About the author: Gardiner Comfort is an actor and teacher who grew up in a loft in Tribeca. He graduated from Brooklyn Friends School, Skidmore College, and then the American Repertory Theater’s Acting Institute at Harvard. He curates a monthly night of new work at the Parkside Lounge on the Lower East Side and finds himself performing in Shakespeare plays more than any other type. He lives with his wife in Harlem.
Every kid who grew up downtown in the old days remembers riding in freight elevators. All the old industrial buildings had them: hand-operated, ancient cages that left the brick shaft walls open and the distant vanishing point of the top floor visible as a tiny white sliver of daylight at the end of a dark shaft. They were thoroughly entrancing to children, who would stand with their necks craned and mouths open. The elevators were operated by a lever that was pulled or pushed, just like in any fancy Upper East Side building today, in which a uniformed man delivers his charge to its respective floor. Downtown, of course, the elevators needed no trained expert to operate them. That responsibility usually fell to my parents, or whatever adult was there. Sometimes I was allowed to try it out, but usually with a larger hand over mine, and we switched to a modern, automatic elevator before I was old enough to drive alone.
The switch was a change, for sure, but it was inevitable. A manual elevator was incredibly inconvenient for a residential building. It needed to be available to building entrants at any time, so if you used it, and left it at your floor, you needed to be in earshot of the call bell for whenever someone arrived who needed access to his floor, so you could go down and pass the thing off. My mother tells me ugly stories of people jerry-rigging the bell so it wouldn’t disturb them when someone called up.
And then there were the breakdowns. I don’t know how old our elevator was, but it would occasionally peter out midway up, leaving someone to scream for assistance, which was never quick to arrive. I remember one huge Christmas party, when one of my parents’ guests got stuck. The attendees who were aware of the problem watched with wonder as someone bravely scaled his way down to retrieve the trapped guests, who eventually arrived, a little shaken, for drinks and dancing.
I was 9 or 10 years old when the new elevator was installed, and it made me nervous. I remember telling my mom over the intercom that I’d be taking the stairs.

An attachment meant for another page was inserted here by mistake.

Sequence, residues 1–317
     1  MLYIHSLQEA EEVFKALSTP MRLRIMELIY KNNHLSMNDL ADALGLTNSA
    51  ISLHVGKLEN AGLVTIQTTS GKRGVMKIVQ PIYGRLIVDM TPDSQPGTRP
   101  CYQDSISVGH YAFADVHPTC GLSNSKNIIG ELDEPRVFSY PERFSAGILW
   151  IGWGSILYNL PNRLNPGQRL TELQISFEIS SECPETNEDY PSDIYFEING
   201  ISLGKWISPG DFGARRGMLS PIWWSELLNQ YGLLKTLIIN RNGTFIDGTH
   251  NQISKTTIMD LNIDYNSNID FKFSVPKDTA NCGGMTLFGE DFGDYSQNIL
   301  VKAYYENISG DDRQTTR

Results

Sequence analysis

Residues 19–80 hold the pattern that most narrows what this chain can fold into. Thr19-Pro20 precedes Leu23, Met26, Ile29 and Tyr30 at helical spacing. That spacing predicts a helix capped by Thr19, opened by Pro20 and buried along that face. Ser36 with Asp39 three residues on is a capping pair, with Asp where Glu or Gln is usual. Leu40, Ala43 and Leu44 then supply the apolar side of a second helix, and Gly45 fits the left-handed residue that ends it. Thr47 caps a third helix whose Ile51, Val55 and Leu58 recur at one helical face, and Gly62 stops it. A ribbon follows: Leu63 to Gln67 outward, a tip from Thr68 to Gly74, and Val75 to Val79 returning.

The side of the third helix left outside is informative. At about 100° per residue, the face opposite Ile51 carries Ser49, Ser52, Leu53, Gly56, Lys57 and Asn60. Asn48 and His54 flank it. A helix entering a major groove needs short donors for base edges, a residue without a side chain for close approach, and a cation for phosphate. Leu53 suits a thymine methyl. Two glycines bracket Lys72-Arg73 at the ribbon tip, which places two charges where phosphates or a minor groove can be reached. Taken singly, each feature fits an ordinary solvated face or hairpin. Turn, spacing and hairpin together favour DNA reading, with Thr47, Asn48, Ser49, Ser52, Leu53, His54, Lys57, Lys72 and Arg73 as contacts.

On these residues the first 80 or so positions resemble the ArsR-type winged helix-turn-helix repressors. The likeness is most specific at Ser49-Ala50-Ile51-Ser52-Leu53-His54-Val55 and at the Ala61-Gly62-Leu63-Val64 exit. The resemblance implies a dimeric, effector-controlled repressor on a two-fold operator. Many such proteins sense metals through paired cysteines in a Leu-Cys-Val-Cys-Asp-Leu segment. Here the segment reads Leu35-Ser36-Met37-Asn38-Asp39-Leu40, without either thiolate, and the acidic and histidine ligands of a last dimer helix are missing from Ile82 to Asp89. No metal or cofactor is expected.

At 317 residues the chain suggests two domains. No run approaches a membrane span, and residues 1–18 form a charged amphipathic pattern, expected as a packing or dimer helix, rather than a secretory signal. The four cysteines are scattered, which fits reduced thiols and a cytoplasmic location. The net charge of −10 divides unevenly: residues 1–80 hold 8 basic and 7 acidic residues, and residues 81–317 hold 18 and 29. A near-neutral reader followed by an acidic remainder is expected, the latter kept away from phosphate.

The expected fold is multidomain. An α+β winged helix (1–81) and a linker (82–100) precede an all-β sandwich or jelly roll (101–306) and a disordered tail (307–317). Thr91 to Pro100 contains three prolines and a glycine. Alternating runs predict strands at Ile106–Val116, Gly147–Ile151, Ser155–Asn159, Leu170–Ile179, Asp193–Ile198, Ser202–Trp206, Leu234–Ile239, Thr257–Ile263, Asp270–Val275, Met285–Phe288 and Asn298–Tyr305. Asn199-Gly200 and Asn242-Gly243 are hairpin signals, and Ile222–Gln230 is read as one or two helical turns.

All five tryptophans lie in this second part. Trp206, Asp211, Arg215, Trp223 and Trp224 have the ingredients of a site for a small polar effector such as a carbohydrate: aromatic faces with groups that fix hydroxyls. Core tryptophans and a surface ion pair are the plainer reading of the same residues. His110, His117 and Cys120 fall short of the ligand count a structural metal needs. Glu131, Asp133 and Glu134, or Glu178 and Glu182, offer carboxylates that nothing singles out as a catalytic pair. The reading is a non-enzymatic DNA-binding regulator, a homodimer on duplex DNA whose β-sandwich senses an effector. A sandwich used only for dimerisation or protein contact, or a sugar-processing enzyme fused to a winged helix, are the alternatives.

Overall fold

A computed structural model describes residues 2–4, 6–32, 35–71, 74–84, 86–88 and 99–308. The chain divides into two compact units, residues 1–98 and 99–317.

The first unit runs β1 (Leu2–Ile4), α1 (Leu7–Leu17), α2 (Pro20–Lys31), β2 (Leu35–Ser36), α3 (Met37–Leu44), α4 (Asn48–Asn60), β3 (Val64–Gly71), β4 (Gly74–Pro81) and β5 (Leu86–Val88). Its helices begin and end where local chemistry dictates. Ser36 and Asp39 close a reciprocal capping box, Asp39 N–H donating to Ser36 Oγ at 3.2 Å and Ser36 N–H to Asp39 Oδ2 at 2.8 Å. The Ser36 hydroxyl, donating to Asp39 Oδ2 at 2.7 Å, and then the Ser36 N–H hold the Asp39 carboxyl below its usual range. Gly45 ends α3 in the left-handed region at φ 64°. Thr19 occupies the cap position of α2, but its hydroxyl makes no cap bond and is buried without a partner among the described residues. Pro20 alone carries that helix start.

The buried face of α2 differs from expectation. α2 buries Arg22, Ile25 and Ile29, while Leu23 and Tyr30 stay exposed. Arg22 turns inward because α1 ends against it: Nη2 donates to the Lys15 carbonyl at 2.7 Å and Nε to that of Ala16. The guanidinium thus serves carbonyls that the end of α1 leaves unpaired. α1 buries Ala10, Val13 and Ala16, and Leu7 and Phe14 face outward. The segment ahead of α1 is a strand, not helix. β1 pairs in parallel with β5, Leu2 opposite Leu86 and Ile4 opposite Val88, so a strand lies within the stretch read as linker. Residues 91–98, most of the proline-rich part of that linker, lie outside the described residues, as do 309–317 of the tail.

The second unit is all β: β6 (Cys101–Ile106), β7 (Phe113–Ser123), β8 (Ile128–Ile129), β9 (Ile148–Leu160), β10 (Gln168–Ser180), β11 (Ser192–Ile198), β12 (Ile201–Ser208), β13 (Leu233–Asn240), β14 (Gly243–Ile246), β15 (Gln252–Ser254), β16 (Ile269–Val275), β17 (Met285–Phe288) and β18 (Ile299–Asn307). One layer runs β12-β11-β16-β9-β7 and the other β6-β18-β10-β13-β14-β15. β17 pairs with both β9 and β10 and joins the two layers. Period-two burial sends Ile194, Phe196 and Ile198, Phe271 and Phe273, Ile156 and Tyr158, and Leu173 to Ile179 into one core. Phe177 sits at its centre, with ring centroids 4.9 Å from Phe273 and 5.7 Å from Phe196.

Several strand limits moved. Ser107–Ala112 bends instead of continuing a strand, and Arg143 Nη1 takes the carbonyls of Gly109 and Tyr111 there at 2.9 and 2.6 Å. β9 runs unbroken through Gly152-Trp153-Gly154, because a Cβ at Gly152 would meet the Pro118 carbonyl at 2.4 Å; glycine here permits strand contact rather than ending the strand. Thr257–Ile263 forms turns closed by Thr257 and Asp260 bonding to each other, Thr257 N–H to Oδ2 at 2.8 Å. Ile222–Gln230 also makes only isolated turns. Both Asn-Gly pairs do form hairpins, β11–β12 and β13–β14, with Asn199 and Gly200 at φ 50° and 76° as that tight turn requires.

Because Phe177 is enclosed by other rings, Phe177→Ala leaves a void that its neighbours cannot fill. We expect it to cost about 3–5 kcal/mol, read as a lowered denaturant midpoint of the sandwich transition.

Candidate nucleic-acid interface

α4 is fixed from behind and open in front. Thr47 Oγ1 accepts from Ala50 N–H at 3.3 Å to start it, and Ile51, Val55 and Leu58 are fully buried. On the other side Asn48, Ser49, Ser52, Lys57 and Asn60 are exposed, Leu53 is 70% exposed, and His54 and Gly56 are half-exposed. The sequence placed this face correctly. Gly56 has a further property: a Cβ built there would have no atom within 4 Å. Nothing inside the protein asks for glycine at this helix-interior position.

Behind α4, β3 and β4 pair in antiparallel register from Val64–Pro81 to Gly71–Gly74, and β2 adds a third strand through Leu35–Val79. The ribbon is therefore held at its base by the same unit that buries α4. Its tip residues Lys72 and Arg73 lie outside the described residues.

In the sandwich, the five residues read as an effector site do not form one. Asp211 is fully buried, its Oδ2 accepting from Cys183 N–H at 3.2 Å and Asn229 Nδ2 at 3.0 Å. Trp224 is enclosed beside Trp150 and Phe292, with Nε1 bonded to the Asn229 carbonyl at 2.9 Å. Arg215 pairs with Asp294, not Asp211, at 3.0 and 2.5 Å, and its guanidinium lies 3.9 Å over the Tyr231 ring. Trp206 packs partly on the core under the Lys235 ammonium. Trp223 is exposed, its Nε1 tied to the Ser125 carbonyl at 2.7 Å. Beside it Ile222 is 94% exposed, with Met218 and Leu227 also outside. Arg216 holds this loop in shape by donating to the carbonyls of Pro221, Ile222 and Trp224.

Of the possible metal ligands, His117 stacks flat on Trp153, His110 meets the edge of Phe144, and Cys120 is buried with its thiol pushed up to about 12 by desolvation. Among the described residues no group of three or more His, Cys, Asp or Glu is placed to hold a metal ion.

In retrospect, though, our old elevator was light years ahead of others. I’ll never forget a certain type I used to ride in. It had thick, metal cables running the length of the elevator shaft and passing right through the elevator. After you got in and slid the gate shut, you yanked on the cable as hard as you could in one direction; the elevator would magically start and move up, while the massive, threaded length of steel traveled through holes in the roof and floor. When you got to your floor, you pulled in the opposite direction and everything jolted to a stop. These were rare even in the eighties, but I know a building across the street from my parents’, where the Issey Miyake store is and where the Commodities health food store used to be, that still has one. According to the super there, it’s one of eight left in the city and it gets serviced once a month to be safe. When I learned this, I imagined what the co-op meetings must be like, with a new vote taken every year to determine the fate of this relic—this elevator that is, in all honesty, completely inefficient. In my mind I saw a cluster of people sitting in a loft, eating hors d’oeuvres, and tensely discussing the issues of the building. (I remember being a child and listening when my parents hosted their co-op meetings. Increasingly, they seemed like parties where everyone mistrusted each other.) They would have discussed new hallway lighting and replacing the old, industrial front door or the dilapidated mailboxes. The old timers would clench their teeth as the newcomers complained about the appearance of the lobby floors. But by the end, despite the disagreements and tensions, and although the cost must’ve been exorbitant, the elevator survived.
In my parents’ building, no one was willing to stand up for the freight elevator. It was dismantled and removed and replaced with a modern, push-button operation. On its maiden voyage, the building threw a party in it, going floor to floor, with Champagne for all.
About the photos: Thanks to artist Grimanesa Amorós, who indulged my request to shoot the two elevators at 54 N. Moore—I’ll share more photos in a follow-up post.* Amorós, as you might already know, also created the fabulous “Terrarium” light installation in the building’s lobby.